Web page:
How and When to Disable Winter Traction Control

Winter driving in modern vehicles can be challenging, especially if they have traction control. You must read your vehicle's owner's manual and be ready for a variety of snowy driving conditions. But why It's better to be safe than sorry, I suppose. On slippery surfaces, issues are prone to

Winter driving in modern vehicles can be challenging, especially if they have traction control. You must read your vehicle's owner's manual and be ready for a variety of snowy driving conditions. But why

It's better to be safe than sorry, I suppose. On slippery surfaces, issues are prone to appear suddenly. Therefore, it's crucial to understand how your car will operate and what you can do to increase traction.

Traction control switch in a car. A car's traction control switch

However, this procedure also makes use of the traction control system, which might seem to be contentious.

More specifically, you must disable the traction control when driving in winter weather.

Traction control is a godsend for modern automobiles, but regrettably, it can worsen winter driving conditions. When the traction control engages in certain winter driving conditions, it may cause more problems than it solves.

It is therefore crucial that you understand how to manage and when to deactivate this default safety feature.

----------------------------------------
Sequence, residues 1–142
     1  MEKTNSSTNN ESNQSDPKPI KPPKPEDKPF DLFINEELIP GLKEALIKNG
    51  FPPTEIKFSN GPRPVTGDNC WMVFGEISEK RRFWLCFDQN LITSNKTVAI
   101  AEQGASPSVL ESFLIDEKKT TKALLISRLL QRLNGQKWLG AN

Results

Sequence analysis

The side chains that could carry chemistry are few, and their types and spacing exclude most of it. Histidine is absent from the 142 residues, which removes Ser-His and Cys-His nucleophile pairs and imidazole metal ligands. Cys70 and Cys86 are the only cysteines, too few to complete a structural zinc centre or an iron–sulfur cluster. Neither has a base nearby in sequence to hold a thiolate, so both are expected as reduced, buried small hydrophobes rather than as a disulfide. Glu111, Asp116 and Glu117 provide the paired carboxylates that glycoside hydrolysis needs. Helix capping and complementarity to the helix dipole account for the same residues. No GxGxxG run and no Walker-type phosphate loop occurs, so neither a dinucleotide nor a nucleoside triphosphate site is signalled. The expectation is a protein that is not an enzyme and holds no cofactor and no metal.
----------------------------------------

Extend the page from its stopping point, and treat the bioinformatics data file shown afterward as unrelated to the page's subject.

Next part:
What is traction control technology?

Since 2012, all new cars sold in the US must have traction control systems as standard equipment. In other words, unless you drive an older model, this feature will probably be present in your vehicle.

When driving in slick conditions, the traction control keeps the winter tires from losing traction. In adverse weather conditions, they work to maintain traction between the snow tires and the road surface.

This characteristic reduces wheel spin while the tires are moving. As a result, the tire has more contact with the ground, which enables it to regain traction on ice and snow-covered roads.

Let's talk about what traction control is not now.

It differs from a limited-slip differential in some ways. When the tire loses traction due to weather, the limited-slip differential mechanically limits wheel spin. Because it keeps the tires firmly planted, high performance vehicles can take off better and with greater vigor. This replicates the occurrence of tires getting stuck in snow.

Consequently, the traction control doesn't function in the same way. The original standalone electronic versions However, due to their necessity in modern vehicles, they have been integrated with the stability control system.

The first one prevents wheel slip even in turns and not just from a stop, which is how stability control differs from the slip differential. When the stability control systems' sensors detect wheel slip, anti-lock brakes are activated. When this occurs, they do nothing else but reduce the power to the drive wheels.

The Operation of Traction Control

Traction control, it should go without saying, saves lives in slick situations. When performing, it lowers engine power to maximize wheel spin, restoring traction to the winter tires.

But how is that accomplished?